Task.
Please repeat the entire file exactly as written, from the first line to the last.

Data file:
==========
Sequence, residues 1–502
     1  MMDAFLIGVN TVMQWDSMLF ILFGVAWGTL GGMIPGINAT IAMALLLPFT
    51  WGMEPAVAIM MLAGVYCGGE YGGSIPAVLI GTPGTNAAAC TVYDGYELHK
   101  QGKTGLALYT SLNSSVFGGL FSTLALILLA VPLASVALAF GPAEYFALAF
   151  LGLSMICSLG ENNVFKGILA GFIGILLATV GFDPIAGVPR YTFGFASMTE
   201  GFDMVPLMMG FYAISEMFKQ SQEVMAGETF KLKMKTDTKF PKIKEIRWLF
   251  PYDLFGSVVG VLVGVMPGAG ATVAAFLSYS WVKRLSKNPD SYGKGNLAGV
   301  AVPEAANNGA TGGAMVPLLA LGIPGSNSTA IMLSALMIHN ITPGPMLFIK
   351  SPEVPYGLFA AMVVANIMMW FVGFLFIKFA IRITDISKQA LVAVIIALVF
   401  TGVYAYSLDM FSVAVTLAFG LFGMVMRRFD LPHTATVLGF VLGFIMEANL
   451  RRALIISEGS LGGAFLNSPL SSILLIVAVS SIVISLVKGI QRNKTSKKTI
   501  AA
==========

Sequence, residues 1–502
     1  MMDAFLIGVN TVMQWDSMLF ILFGVAWGTL GGMIPGINAT IAMALLLPFT
    51  WGMEPAVAIM MLAGVYCGGE YGGSIPAVLI GTPGTNAAAC TVYDGYELHK
   101  QGKTGLALYT SLNSSVFGGL FSTLALILLA VPLASVALAF GPAEYFALAF
   151  LGLSMICSLG ENNVFKGILA GFIGILLATV GFDPIAGVPR YTFGFASMTE
   201  GFDMVPLMMG FYAISEMFKQ SQEVMAGETF KLKMKTDTKF PKIKEIRWLF
   251  PYDLFGSVVG VLVGVMPGAG ATVAAFLSYS WVKRLSKNPD SYGKGNLAGV
   301  AVPEAANNGA TGGAMVPLLA LGIPGSNSTA IMLSALMIHN ITPGPMLFIK
   351  SPEVPYGLFA AMVVANIMMW FVGFLFIKFA IRITDISKQA LVAVIIALVF
   401  TGVYAYSLDM FSVAVTLAFG LFGMVMRRFD LPHTATVLGF VLGFIMEANL
   451  RRALIISEGS LGGAFLNSPL SSILLIVAVS SIVISLVKGI QRNKTSKKTI
   501  AA